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Thursday, Sep 28, 2023

Fintech Slump Could Bring Much-Needed Reassessment and Stability

Financial technology stocks have taken a wallop in recent weeks — driven primarily by runaway inflation and rising interest rates — that’s made the general market downturn seem comparatively mild. Analysts, however, say the slump is prompting some self-reflection that could ultimately inject much-needed stability into the fintech industry.

The flood of SPAC-backed fintech debuts have all but evaporated, and leaders like the digital stock broker Robinhood Markets Inc., Block Inc. and Paypal Holdings Inc. are down more than 60% from October 2021. Over the same period, the S&P 500 dropped 8%.

Local fintechs haven’t fared much better than their NorCal counterparts: After a promising public offering in January that saw its stock price rise to a high of $14.30, shares for the West Hollywood-based fintech and banking app company Dave Inc. closed at $4.42 on April 25.

Jason Wilk, the chief executive officer of Dave, acknowledged the general market turmoil in a statement to the Business Journal, and in spite of it says he’s “never been more excited about the future of Dave.”
“While the public markets are challenging at the moment, we are thrilled we achieved this milestone and that we have the necessary capital to continue on our mission to level the financial playing field of our members,” said Wilk. “There’s still 150 million people in the U.S. alone who could use our help; we’re just getting started.”

Likely concerned with facing a similar predicament, some still-private fintech firms in Los Angeles with prospective SPAC plans have gone mum on the timeline of their debuts. The Marina del Rey-based sustainability fintech Aspiration Partners Inc. in August announced its plans to debut via a business combination with the blank-check company InterPrivate III Financial Partners Inc.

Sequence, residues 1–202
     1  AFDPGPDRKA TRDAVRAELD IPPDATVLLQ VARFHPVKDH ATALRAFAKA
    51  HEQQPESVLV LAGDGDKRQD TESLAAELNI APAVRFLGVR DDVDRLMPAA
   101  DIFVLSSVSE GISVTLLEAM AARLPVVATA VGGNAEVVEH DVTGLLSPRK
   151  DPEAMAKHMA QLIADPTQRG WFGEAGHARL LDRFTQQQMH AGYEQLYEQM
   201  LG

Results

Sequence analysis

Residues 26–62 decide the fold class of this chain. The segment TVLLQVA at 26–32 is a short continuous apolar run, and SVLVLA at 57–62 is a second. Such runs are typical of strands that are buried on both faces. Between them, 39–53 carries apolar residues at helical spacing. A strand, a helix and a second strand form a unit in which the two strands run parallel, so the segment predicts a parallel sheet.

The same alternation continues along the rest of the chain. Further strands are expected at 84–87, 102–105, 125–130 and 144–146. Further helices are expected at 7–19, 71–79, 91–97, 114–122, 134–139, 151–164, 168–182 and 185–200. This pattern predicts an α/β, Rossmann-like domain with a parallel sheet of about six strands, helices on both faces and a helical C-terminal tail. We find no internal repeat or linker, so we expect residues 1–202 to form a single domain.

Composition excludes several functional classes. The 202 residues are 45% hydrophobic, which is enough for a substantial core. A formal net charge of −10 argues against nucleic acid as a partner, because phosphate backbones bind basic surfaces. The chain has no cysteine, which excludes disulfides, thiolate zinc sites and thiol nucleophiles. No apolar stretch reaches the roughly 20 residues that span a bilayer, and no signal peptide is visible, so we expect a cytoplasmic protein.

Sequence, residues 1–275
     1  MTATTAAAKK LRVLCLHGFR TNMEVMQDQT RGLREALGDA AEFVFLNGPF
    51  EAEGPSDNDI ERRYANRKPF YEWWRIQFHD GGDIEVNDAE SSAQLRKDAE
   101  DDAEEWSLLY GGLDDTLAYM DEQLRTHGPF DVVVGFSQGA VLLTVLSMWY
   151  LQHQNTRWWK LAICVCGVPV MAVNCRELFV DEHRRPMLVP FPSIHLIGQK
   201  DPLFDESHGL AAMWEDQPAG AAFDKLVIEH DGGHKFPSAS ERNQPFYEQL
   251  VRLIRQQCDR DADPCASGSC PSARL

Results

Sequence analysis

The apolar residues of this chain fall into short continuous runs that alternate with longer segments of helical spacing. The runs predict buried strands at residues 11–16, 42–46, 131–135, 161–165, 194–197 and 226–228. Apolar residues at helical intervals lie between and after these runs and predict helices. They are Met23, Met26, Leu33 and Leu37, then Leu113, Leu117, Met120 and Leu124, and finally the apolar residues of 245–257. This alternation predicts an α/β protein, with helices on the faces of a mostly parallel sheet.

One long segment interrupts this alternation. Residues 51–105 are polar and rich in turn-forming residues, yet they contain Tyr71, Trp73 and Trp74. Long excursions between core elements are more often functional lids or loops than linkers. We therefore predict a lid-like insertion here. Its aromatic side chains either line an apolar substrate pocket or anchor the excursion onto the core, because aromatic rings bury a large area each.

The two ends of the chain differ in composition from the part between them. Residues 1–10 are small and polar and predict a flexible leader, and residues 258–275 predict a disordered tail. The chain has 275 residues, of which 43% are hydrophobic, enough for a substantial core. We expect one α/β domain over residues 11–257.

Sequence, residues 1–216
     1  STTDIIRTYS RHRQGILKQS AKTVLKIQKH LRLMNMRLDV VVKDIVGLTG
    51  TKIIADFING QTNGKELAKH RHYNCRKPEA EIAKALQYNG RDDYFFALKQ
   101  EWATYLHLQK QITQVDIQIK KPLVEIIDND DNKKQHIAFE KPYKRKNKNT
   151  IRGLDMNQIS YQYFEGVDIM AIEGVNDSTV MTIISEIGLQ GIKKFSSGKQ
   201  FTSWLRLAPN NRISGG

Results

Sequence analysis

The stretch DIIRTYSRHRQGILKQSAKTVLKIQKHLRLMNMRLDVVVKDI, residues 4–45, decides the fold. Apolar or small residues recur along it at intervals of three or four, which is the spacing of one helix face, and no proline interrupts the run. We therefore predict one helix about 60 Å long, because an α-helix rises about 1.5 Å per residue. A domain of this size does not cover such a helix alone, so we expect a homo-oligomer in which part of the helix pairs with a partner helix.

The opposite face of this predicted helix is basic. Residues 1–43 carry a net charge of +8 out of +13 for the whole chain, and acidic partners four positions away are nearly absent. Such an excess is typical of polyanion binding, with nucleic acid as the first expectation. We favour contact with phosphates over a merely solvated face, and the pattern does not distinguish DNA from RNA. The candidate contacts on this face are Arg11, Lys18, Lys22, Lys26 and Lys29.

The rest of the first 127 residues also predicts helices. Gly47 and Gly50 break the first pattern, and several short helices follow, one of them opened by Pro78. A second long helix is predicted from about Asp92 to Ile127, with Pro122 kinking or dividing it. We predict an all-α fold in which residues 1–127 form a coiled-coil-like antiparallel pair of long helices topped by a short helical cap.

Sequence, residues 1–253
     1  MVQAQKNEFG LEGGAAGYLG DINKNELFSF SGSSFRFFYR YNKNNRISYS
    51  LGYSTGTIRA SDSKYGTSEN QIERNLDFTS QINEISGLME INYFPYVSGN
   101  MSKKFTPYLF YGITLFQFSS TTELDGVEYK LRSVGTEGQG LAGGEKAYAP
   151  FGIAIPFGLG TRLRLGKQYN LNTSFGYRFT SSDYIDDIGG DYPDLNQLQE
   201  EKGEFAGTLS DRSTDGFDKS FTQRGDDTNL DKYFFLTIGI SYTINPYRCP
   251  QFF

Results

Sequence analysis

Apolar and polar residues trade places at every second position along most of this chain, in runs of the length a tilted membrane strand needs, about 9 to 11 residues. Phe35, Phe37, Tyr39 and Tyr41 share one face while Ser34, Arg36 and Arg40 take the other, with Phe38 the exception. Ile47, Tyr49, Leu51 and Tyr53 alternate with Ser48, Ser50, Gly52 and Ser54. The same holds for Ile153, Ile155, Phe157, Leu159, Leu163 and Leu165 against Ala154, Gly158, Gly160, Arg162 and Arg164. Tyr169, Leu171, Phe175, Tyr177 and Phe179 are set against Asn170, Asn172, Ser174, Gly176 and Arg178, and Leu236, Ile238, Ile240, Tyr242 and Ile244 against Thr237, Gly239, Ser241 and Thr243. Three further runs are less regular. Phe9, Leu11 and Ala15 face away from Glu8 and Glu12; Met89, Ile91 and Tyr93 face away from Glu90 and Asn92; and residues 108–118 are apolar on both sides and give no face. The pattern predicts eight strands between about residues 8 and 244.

The company has won support from major investors including former Microsoft chief executive Steve Ballmer, raked in hundreds of millions in financing, and recently released a stellar fourth-quarter 2021 report, but its leaders have been guarded on the subject of its public offering plans. Andrei Cherny, Aspiration’s chief executive officer, recently told Bloomberg that the firm was “excited about the prospect of being a public company, hopefully in the not-too-distant future,” but a company spokesperson noted in an email to the Business Journal on April 25 that no firm timetable for the debut has been set.

Joshua Lastine, a transactional attorney at Lastine Entertainment who regularly advises clients on fintech matters, said the defensive posture these fintechs are taking is completely reasonable given the current calamity of the economy.

“The chaos of the last few months – from the pandemic, to the war, to regulations and threats of regulations, interest rates and inflation, I could go on, but all of that’s reasonably given these companies pause,” said Lastine.

While the short-term outlook seems bleak for fintechs compared to the booms of 2020 and 2021, Lastine said the lull is giving the industry some much-needed time to reflect and reassess.